I’ve only had a couple of big dreams in my life. I feel I’ve been lucky enough to cross all the items off my big to do list of life goals except for one: I’ve always wanted to write books that other people would want to read. This has been my big dream since high school where I learned by writing short vignettes, snippets of things that couldn’t really even be called stories. Even if I theoretically understood the elements of fiction writing, it was extremely hard to make the various parts of a story congeal into a coherent whole. I kept writing throughout college and produced a few novel length manuscripts that are never going to see the light of day again. After a many years hiatus, I started writing the Remnas books and I finally felt like everything that I’d learned over thirty plus of reading and analyzing stories fell into place.
Even though I felt confident that I finally had something good on my hands, I never shopped the Remnas books around for professional publication. It takes hundreds of hours of careful deliberation to write the thousands upon thousands words that comprise a novel, but it takes more than a little bit of luck to get a publishing house to bite, especially for a never been published author. You have to convince the gatekeepers that you are a producer. How do you do that? By publishing. If not, by finding that one in one thousand opportunity, where someone is willing to take a chance on an unknown. My thought process at the time was why not write multiple books so when you eventually try to shop these around you can show them you are a producer who has multiple novels in her. One novel turned into two and then into three and so on.
After entering the post-biopsy optimism phase, I came to a decision. It was time to act. I needed to stay distracted from the waiting and I needed normalcy. It was time to make the dream a reality. The independent publishing scene has really taken off, and it is an avenue that allows a writer to go directly to the people. There are resources available that allow independently published novels to be produced that are indistinguishable quality wise from novels originated through more traditional channels. I felt that I didn’t have anything to lose by trying it too. If my results came back good, I would finally be doing something with the World of Remnas instead of consigning it to a murky future plan of a distant someday. If the news was not good, then I could at least get the last item off my bucket list.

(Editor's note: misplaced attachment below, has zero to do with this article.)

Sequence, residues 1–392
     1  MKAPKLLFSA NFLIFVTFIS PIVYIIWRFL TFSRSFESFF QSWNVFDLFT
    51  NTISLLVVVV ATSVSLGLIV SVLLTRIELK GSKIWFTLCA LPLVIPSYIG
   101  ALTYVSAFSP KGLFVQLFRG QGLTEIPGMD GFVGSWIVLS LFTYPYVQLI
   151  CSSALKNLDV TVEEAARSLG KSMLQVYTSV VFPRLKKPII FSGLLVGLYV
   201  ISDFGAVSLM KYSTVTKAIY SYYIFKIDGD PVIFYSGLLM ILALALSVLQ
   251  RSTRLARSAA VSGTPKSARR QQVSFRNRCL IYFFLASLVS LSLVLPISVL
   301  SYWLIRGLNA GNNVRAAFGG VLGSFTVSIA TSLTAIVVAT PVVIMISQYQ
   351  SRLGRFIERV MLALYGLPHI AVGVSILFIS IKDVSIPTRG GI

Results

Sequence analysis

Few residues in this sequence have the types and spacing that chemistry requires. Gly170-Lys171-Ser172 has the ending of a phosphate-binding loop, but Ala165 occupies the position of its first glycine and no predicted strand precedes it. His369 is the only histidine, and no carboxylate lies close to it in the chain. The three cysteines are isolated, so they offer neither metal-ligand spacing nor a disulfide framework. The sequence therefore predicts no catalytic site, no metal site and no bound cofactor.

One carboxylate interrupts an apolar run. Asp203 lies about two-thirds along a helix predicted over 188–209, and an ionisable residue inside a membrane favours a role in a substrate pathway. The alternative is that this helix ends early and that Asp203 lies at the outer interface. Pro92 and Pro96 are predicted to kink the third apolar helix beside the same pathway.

After twenty-five hellish days, I finally got my answer. I don’t have Cancer, but I do have a new perspective on life. It’s good to be alive. Too good to defer a dream and spend so much time planning for the future that I don’t plan for today. I still have surgery to face but I look forward to bringing the exciting World of Remnas to you this winter.